• Tuco was a bloodthirsty psychopath. Gus wasn't a bloodthirsty psychopath. That is especially what attracted Walt to Gus's way of doing business. Gus called the assassin brothers 'animals' which shows his distaste for violence. Gus always (has always) had someone else do his dirty work.
    – Chloe
    Oct 8, 2016 at 4:42

This is for all of you who are bringing up that this is out of character for Gus. Nobody has mentioned the thing that actually does make it in character for him. PTSD. For those of you that know the show well, you'll remember that Gus had a partner when he first tried to get into the meth business. He tried to appeal to the cartel. He liked the guy very much and was horrified when the man was killed right in front of him.

He also liked Gale. Gale was another chemist he had helped train to become his main chemist. And once again... he lost his friend and partner. Now I understand that Gus is a hardened business man. But everyone has a breaking point. And you guys are all missing one very solid reason for Gus' actions. He threw a tantrum. He was pissed off. You could see it in his face.

Now I agree also that he was sending a message not to mess with him. And I also agree that killing Victor made little sense beyond that alone. Except... we see later how well it goes when an inexperienced cook (Todd) is given full control over a lab. He starts fires, his quality is very low. We never actually see the quality of meth that Victor would have produced. We only see him performing the beginning steps in the process of making it. So honestly, I believe Gus, being as intelligent as he is and this not being his first rodeo, believes that Victor had very little potential value as the main cook of their operation. There are little steps to every process that only experience, not watching, can teach a person.

So now that we've determined that Victor is not valuable as a cook, let's discuss his value as a henchman. He just failed horribly. He failed to get to Gale and stop his murder. And really when it came down to it, Victor was watching Walt and Jesse like a hawk supposedly but what did he ever actually help? Did he analyze their behavior? Did he determine they were up to something? Did he stop Jesse skimming meth off the top of their cooks? No... when it comes down to it. He was shit, and useless as far as helping to control the situation.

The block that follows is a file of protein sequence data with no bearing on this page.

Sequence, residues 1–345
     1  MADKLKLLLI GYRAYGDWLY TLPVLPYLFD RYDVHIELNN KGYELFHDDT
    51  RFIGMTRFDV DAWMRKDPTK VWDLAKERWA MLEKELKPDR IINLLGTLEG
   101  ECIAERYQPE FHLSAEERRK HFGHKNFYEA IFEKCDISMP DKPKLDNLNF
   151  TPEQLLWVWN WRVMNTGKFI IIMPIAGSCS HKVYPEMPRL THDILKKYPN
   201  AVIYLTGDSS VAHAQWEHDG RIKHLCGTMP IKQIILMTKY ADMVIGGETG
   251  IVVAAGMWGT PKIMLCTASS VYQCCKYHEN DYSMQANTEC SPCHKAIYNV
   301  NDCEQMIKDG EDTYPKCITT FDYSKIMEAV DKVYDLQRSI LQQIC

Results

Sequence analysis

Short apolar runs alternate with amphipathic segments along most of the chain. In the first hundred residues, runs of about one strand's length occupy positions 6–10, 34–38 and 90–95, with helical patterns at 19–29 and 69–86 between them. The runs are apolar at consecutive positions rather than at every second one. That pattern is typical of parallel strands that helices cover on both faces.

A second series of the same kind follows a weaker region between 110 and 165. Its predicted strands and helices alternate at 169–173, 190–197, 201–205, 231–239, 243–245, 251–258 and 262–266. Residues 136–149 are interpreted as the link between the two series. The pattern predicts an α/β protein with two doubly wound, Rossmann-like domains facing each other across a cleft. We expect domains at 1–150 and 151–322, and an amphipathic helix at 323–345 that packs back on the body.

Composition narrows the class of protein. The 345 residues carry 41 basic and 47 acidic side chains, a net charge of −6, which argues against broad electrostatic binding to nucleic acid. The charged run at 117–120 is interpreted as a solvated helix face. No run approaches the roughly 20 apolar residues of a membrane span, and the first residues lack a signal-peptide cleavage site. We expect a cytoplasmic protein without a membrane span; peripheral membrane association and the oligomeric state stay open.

So, in the end, Victor was the only disposable person there, he had just failed and had thus far failed to show any real value as more than a lackey. And then he presumes to start cooking the meth before getting the orders to do so from his METH KINGPIN. Remember, this is a businessman, but also a crime lord. He's been in this business for more than 20 years without being caught. Talk about flying too close to the sun. The man stepped out. Big time. What's next if Gus allows this to happen without consequence? Maybe Victor starts cooking extra for himself? He's already got his hands full with Walter and Jesse. Walter and Jesse have done a great job making themselves invaluable, as has Mike. So Victor is the winner. Sorry buddy, you shoulda been more cunning and useful like Mike and Walter, and you've got no protection like Jesse.


This point was addressed at the end of S05E03:

Walt: I've been thinking about Victor.

Jesse: Yeah?

Walt: Yeah. All this time I was sure that Gus did what he did to send me a message. Maybe there's another reason.

Jesse: Like what?

Walt: Victor trying to cook that batch on his own? Taking liberties that weren't his to take? Maybe he flew too close to the sun ... got his throat cut.

(My guess is that the writers probably heard the criticism about this possible plot hole in S04, and the above lines are their way of addressing it, while also depicting Walt's transformation. At the same time, the above is merely speculation by Walt and we the viewers still don't know for sure what Gus's actual motivations were.)

  • Could be. Personally this struck me mostly as a revelation of Walt's rapidly growing ego. The "sun" here would be Walt himself: Victor tried to replicate the glory that is Walt, and paid the price for such arrogance and presumption. Nov 12, 2020 at 5:43